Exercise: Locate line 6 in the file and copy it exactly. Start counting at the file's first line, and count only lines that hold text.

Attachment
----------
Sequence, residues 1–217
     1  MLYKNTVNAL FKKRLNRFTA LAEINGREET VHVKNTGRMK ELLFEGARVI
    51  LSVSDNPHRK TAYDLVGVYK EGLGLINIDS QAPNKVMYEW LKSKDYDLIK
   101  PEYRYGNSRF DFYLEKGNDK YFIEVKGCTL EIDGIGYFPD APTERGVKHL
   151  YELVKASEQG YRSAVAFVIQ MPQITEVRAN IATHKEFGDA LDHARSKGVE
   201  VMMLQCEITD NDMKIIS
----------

   201  VMMLQCEITD NDMKIIS